Biswas' wearable technology could measure moods on Mars

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March 4, 2019

MSU research is helping future workers in space prepare for missions to Mars

A professor of electrical and computer engineering is on a team of Michigan State University researchers working on a NASA-funded project that could aid future missions to Mars and beyond.A professor of electrical and computer engineering is on an MSU team lending insights on the social bonding of teams preparing for deep space missions. 

Subir Biswas, along with MSU psychology colleagues Steve Kozlowski and Chu-Hsaing (Daisy) Chang, are lending new insights on the social bonding of teams. 

Biswas said his focus is on wearable technology to prepare future workers to collaborate in space. 

Researchers examined the cohesiveness of teams that worked for long periods of time in isolated, confined and extreme environments referred to as “ICE environments.” The teams involved in the research worked in the slopes of the Mauna Loa volcano in Hawaii, which mimicked the surface and desolate environment of Mars.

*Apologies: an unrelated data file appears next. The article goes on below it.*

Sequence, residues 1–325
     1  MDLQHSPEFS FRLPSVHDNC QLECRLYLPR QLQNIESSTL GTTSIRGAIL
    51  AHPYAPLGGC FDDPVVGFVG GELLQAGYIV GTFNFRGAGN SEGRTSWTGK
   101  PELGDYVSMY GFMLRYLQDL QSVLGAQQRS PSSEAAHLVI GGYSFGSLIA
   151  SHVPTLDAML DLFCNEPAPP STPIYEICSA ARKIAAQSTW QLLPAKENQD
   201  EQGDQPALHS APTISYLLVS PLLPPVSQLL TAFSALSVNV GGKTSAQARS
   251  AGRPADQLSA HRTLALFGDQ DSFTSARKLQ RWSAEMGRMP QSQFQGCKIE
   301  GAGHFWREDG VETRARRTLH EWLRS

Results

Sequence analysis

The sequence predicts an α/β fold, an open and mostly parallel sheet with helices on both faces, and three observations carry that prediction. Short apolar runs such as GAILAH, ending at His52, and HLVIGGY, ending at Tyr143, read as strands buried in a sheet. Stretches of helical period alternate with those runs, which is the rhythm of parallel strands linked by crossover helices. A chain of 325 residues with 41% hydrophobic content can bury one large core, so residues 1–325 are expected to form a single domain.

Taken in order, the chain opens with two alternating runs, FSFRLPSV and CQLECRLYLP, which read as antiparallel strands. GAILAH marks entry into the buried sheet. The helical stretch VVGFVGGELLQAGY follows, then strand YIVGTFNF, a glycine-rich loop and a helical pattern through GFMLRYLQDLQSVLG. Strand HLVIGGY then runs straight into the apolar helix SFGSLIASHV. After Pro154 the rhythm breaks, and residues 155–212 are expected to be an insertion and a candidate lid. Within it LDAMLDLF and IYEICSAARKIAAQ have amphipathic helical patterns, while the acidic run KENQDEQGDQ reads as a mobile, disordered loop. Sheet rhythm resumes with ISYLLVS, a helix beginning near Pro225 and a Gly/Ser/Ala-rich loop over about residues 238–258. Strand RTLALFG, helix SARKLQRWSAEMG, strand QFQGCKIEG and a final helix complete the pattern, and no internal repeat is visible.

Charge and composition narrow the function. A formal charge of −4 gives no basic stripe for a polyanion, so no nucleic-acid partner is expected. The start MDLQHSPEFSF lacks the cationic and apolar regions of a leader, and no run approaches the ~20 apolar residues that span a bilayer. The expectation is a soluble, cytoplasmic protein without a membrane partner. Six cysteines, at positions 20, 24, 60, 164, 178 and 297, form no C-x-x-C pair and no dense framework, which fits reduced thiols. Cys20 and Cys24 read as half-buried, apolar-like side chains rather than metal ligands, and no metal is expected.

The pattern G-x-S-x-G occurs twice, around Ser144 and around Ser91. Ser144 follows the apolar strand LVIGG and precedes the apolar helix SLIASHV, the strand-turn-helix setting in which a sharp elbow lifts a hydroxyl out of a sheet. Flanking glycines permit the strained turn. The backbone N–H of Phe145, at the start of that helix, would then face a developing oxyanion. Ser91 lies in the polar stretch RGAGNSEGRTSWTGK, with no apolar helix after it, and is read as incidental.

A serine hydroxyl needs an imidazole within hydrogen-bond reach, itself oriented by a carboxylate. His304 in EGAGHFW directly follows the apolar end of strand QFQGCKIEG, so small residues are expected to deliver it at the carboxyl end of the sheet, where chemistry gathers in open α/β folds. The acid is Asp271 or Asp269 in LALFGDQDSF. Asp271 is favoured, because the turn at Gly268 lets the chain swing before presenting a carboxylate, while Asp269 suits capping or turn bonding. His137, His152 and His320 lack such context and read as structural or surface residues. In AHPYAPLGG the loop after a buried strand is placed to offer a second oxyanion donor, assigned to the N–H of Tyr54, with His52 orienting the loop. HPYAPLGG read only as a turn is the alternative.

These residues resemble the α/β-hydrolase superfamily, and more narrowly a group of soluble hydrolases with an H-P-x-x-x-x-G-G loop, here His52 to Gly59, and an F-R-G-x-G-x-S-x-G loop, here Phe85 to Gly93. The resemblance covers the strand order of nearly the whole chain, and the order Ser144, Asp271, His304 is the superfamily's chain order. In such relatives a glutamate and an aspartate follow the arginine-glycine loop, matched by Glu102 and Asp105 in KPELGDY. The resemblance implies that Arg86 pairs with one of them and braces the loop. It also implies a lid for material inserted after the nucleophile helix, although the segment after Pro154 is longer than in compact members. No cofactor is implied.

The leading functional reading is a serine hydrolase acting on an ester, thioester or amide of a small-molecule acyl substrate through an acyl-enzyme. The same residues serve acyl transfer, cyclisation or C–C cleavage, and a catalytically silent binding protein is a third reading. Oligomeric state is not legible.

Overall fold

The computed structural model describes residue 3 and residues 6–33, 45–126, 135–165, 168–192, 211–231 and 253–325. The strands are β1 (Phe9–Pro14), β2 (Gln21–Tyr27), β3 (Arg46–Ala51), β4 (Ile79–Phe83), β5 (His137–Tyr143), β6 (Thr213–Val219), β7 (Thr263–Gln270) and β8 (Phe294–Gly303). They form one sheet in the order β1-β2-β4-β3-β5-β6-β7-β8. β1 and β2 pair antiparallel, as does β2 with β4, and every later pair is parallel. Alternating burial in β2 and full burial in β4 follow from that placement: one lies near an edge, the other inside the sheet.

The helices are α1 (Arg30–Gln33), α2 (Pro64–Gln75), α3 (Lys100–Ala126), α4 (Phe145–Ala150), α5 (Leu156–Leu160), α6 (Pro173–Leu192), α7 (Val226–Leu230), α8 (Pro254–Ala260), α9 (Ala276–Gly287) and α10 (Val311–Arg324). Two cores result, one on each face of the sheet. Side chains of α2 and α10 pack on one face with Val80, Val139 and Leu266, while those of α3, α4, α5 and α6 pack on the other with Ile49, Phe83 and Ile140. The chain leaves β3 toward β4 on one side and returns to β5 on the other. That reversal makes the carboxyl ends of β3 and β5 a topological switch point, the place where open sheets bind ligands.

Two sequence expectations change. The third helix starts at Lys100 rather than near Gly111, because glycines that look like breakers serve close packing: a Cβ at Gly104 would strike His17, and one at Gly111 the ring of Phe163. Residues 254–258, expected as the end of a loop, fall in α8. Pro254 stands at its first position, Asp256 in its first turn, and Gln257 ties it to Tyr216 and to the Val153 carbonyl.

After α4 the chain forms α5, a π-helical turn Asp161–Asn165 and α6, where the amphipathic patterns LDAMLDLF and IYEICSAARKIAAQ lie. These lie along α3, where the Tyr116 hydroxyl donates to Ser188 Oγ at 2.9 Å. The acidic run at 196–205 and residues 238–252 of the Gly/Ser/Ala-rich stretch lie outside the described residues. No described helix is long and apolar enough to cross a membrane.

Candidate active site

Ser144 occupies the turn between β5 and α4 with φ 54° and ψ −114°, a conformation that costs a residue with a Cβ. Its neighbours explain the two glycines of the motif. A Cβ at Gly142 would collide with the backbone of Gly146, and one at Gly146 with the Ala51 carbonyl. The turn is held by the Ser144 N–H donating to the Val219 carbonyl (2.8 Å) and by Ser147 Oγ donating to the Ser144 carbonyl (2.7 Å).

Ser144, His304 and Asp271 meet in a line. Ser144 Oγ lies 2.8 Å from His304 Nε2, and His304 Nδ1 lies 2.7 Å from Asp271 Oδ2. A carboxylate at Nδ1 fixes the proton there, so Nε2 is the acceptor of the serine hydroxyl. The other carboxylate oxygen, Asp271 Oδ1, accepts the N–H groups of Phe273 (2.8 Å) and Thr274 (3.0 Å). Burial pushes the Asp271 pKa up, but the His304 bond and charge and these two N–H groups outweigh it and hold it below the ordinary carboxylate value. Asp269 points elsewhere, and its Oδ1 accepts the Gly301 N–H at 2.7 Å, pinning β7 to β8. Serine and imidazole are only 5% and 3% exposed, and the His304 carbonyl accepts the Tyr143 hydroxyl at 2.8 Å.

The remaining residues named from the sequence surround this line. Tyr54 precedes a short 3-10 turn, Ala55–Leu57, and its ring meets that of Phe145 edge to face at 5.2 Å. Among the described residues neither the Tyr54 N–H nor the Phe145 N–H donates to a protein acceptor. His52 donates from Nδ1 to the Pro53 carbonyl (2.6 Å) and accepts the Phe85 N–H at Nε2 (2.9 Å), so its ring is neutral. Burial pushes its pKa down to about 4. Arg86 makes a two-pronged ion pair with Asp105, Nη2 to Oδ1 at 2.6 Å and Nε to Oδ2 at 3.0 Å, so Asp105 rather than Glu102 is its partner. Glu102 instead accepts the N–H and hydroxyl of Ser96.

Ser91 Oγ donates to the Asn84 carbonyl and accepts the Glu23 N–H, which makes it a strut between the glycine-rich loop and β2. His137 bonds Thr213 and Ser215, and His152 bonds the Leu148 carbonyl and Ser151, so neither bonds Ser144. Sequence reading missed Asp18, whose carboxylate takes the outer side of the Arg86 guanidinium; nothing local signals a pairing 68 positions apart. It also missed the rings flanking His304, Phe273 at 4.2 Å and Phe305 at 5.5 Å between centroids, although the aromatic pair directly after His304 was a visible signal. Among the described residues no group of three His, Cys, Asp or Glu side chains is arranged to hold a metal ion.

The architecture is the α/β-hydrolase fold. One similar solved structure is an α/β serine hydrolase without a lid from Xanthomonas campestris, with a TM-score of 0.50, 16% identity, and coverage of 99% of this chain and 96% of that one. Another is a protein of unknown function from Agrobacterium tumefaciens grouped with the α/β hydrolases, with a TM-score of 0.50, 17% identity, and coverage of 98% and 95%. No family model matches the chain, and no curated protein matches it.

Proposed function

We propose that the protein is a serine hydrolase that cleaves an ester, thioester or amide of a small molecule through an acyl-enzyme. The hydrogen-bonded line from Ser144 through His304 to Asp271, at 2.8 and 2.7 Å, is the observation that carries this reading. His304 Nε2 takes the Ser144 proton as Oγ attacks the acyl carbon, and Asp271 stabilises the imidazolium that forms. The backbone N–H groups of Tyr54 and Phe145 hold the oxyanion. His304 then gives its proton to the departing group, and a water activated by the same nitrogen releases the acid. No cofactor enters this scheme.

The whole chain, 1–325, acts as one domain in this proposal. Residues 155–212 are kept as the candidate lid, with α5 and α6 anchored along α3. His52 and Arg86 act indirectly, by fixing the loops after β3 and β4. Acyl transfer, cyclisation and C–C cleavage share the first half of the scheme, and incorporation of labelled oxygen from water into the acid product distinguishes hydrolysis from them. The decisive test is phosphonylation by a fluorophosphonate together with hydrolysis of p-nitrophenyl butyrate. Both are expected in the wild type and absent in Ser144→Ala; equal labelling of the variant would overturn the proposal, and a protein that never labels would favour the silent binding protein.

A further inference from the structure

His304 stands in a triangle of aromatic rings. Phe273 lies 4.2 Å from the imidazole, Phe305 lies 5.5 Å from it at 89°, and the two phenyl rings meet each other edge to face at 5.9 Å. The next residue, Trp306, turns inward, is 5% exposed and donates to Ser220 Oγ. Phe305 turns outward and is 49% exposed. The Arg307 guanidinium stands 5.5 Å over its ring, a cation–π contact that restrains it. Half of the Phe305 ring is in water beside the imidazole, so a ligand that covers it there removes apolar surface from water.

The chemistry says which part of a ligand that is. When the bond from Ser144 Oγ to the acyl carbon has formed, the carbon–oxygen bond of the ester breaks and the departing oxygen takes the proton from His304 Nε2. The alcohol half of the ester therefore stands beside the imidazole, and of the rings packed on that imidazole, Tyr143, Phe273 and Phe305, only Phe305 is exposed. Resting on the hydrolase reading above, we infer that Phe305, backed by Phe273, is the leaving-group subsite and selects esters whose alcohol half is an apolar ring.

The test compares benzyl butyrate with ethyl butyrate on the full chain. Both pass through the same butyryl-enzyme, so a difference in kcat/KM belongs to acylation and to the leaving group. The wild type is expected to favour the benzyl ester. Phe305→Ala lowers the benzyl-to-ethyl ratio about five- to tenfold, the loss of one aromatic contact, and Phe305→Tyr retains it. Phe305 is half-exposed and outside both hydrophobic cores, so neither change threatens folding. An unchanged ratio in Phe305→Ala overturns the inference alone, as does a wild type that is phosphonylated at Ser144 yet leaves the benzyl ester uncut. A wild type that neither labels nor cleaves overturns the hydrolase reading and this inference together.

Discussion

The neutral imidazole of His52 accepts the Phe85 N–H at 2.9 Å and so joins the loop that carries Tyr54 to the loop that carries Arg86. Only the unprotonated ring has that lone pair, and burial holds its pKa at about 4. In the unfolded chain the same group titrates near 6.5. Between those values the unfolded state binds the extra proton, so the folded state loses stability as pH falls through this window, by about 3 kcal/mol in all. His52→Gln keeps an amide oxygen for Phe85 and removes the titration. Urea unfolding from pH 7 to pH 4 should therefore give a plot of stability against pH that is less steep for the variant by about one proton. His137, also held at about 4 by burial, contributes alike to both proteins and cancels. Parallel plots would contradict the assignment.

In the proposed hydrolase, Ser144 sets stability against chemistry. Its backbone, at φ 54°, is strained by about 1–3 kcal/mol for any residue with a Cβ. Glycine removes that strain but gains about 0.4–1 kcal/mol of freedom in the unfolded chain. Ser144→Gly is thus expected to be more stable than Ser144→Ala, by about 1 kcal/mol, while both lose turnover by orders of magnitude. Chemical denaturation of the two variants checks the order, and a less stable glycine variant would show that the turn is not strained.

The researchers examined the NASA team’s dynamics every week for one year. They discovered that the destabilization and breakdown of social cohesion occurs at four to seven months into missions.

"Using our novel wearable sensors and statistical machine learning models, we are able to infer human body language and emotion that are crucial for evaluating the health of a team, especially in isolated work environments," Biswas said. "We are now applying the same technology for Autism and other mental disorders."

The astronauts wore a team interaction sensor, or TIS, which resembleas a badge-like device. The TIS captured team interactions, as well as measured physiological factors to determine moods, especially when near others who also wore the technology. It allowed researchers to gather more accurate data than would have been attained using self-reporting or questionnaires.

“We’ve noticed that after this amount of time that one or more team members begin to fluctuate on their cohesion perceptions and there is contagion across the team,” Kozlowski said. “This is a result of the stresses caused by living in these ICE environments.” 

Subir Biswas is studying ways that wearable technology can prepare future workers to collaborate in space.

Biswas and Kozlowski hope that their team’s insights, coupled with the use of TIS technology, will help scientists better understand team cohesion. The research can apply to those traveling to space, but also for other kinds of teams, like those in the everyday workforce. 

“We are helping a new generation of scientists, in our efforts to get to Mars,” he said. “We are seeing the groundwork take place to make that vision a reality for the next generation of scientific advancement.” 

The team presented their research at the American Association for the Advancement of Science annual meeting, where it was also featured in a symposium entitled, “Understanding and Enabling Teams for Future Missions to Mars.”